How do you dress for the occasion? Talk us through the outfits you choose for Adrian and Annabella

As the holiday lasts for eight days, you will find our family dressed in a mix of outfits every night. Some nights we literally wear our Hanukkah pyjamas and other nights we dress up more when celebrating with friends. When growing up in Israel, I always wore white during the Jewish holidays and it reminds me of peace, positivity and purity, so I love dressing my kids in white and neutral colours during Hanukkah as well. And yes, I’m aware that kids and white clothes don’t go together but celebrations are all about letting kids have fun and get messy! 


Adrian and Annabella wear a selection of clothing from designer Alviero Martini 

Do you involve your children in the preparations? Are there specific things they can help with?

Yes, my children love Hanukkah and it’s a very exciting festival where kids can really get involved. As we couldn’t have a party at home this year, Adrian and Annabella each had a Hanukkah celebration at school and prepared goodie bags for their friends with dreidels, games and chocolate coins. It’s so important that children learn to celebrate other religious holidays at a young age, so it was great for my kids to involve their classmates in our celebration and teach them all about the Jewish customs and traditions. They did lots of fun DIY activities and made jam filled doughnuts and Hanukkah shaped cookies for everyone. During the festival my kids also love taking turns with helping to light the Menorah. Hanukkah is also an opportunity to teach children about positive thinking, what they should be grateful for and to make them realise the everyday miracles that happen in their life too.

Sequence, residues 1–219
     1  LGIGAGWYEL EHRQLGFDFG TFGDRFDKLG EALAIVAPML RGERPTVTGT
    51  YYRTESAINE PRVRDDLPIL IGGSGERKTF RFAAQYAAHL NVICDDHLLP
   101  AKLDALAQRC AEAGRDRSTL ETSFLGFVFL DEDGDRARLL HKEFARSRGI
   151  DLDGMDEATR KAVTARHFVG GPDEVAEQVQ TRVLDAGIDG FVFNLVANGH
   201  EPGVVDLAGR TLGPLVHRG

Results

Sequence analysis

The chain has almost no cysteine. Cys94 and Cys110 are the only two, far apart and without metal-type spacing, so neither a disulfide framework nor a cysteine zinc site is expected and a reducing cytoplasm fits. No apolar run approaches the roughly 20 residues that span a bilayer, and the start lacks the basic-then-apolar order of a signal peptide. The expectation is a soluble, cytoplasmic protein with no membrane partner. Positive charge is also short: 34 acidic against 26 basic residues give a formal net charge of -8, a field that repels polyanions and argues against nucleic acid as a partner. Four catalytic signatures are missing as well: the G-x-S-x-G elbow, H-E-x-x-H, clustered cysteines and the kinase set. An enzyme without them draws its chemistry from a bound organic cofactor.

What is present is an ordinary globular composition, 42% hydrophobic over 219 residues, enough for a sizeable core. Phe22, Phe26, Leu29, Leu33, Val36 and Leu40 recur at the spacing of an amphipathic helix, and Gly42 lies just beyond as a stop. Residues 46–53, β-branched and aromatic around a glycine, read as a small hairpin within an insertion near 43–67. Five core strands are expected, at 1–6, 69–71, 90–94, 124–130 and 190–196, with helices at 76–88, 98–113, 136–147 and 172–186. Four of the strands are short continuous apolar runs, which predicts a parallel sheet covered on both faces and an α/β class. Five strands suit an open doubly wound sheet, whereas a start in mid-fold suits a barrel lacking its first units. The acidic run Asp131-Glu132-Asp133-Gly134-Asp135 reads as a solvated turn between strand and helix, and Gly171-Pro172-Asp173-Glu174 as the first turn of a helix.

What foods do you cook? Do you use traditional family recipes?

One of the best things about the festival is the food as any holiday that involves carbs in our house is a winner! Hanukkah is definitely a calorific holiday and as it celebrates the miracle of the oil, there is a custom of eating fried foods such as potato latkes. It’s also the only time that we can literally eat anything deep fried in oil with zero guilt as we are basically commanded to do so! And more importantly we eat lots and lots of doughnuts (what I call serious holy carbs!). We make them filled with jam, chocolate, cheese, cream, meat, fruit, caramel - basically any filling you can image...I love getting the kids involved in the kitchen during Hanukkah as it’s a fun opportunity for me to teach them all about the different nutrients of the doughnut fillings. They also learn to appreciate and enjoy the food more when helping me bake or cook. This year I can’t wait to share my kid-friendly recipes for both sweet and savoury doughnuts. And don’t worry healthier recipes are coming next month to get the new year started off right!

All images by @ordanielletouret